Once inside that space the dancer’s willingness to dance will not go unnoticed. The determination to enter this natural cavity will comfort and urge the group onward. The dance school she belongs to has no intention of imposing on the accompaniment – in the terrain created by Urulario, that adjustability is a plus.
Like with the performers, the audience’s hearing will be enhanced a thousand times. We’re going to listen to how a flamenco gown, fan, hat or shawl actually sounds… in a cave. Ángeles Gabaldón goes nowhere without them.
The primitive cante is used as fire to take over the space. To make that mineral realm organic. The singing of José Méndez removes the damp from our bodies, dries us out, enables us to make those walls our very own.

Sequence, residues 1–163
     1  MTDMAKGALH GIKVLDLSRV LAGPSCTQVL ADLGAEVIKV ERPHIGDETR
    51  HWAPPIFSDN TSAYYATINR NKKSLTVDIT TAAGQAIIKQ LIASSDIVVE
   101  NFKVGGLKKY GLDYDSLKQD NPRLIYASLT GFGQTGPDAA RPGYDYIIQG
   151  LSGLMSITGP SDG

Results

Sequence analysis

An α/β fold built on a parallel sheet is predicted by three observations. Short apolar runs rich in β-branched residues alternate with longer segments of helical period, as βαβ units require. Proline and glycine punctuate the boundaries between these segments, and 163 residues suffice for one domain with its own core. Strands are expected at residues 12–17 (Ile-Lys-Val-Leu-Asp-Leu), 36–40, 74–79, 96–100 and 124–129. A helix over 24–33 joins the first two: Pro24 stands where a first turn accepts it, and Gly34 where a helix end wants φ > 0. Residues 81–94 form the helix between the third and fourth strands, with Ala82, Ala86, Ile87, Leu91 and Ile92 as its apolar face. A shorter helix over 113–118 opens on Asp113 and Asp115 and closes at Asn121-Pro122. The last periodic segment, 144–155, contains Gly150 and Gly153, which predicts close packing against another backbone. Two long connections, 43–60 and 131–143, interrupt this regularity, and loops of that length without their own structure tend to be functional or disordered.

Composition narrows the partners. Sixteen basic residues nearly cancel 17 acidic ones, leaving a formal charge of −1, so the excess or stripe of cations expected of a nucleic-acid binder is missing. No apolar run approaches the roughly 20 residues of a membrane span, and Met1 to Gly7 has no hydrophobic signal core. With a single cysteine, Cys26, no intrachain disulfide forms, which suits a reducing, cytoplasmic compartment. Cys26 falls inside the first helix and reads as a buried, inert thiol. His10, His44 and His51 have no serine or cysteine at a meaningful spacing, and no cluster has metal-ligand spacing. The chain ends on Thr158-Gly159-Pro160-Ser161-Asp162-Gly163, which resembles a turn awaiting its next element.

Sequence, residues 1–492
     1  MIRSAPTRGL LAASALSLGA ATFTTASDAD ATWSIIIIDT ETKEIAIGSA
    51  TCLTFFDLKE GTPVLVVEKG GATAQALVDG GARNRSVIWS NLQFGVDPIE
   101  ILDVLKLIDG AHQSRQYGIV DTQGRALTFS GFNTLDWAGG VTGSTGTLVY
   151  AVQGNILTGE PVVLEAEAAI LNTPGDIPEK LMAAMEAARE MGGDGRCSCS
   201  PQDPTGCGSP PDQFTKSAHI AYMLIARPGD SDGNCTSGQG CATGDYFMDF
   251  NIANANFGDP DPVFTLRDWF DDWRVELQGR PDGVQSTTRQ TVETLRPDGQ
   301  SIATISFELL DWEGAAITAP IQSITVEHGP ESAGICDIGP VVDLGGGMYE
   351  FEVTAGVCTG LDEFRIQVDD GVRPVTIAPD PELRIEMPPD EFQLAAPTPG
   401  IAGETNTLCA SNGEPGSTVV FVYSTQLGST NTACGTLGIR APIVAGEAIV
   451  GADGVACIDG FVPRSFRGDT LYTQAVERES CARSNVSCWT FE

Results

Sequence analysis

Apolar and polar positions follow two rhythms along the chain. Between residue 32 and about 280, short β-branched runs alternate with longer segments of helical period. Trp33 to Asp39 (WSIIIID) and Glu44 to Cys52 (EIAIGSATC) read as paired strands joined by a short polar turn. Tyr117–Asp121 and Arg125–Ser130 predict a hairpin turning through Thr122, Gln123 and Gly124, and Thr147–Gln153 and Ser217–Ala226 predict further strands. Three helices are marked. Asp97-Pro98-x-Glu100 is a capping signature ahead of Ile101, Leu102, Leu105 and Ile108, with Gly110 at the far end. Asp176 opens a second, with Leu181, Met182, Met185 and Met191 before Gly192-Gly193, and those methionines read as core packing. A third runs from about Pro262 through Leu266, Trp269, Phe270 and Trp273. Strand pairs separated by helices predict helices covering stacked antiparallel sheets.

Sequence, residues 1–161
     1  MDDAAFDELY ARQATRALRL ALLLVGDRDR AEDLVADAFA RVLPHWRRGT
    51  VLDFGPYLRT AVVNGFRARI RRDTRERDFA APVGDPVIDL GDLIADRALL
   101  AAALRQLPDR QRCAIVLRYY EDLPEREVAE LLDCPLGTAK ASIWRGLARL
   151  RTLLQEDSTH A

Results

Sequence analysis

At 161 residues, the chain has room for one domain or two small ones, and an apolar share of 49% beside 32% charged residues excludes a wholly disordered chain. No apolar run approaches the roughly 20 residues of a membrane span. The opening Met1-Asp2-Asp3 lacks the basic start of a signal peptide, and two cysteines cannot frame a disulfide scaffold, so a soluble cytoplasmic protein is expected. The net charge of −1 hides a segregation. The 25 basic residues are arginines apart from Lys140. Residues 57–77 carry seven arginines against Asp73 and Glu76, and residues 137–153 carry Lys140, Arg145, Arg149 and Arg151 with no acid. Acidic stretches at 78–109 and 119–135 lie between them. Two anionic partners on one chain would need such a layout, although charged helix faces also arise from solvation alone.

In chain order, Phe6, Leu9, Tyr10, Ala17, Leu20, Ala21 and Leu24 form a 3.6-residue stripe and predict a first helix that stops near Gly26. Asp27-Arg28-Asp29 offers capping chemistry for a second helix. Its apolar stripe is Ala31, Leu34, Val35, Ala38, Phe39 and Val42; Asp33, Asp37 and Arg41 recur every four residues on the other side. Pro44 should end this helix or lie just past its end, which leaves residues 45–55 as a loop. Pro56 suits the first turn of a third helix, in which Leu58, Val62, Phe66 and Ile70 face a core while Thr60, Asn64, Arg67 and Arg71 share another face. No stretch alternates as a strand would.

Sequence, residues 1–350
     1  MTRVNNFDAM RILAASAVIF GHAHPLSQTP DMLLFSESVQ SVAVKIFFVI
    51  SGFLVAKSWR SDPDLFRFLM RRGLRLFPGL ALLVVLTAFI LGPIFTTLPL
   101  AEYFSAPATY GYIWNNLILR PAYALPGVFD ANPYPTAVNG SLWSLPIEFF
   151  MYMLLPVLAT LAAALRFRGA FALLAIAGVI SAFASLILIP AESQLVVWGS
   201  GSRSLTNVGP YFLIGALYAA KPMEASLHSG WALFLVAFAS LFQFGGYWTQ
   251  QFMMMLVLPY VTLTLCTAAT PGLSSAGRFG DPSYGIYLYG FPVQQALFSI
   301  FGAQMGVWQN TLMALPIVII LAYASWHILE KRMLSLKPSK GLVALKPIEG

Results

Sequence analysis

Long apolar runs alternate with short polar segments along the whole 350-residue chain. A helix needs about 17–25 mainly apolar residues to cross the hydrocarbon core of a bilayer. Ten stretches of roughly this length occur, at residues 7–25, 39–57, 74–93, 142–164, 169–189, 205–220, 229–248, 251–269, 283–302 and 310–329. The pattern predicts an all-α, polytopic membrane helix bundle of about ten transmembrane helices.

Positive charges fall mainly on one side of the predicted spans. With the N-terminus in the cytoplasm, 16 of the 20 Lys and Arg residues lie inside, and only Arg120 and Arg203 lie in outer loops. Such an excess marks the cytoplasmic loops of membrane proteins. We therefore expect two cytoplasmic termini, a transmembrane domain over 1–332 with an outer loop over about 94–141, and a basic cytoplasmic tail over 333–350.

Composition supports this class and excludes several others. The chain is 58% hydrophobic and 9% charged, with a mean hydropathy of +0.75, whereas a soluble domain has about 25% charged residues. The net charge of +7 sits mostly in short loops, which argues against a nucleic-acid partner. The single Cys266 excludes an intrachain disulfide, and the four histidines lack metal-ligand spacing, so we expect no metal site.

That primitive singing without guitar is able to imbue the walls with the colours that have humanized so many spaces, hostile though appropriated. They are songs that allow us to gather in spaces beyond control. The Méndez family is a family of fishermen; they know the strength of cante on the dock among crates of fish; families who work the forge also know what we’re talking about, the sagas wrought in the field… all were able to overcome with those songs places that were originally hostile. Ángeles’s dance will begin to respond to that cultural component implied by the singing, departing from that first shamanic immersion accomplished in the cave offered by Urulario”.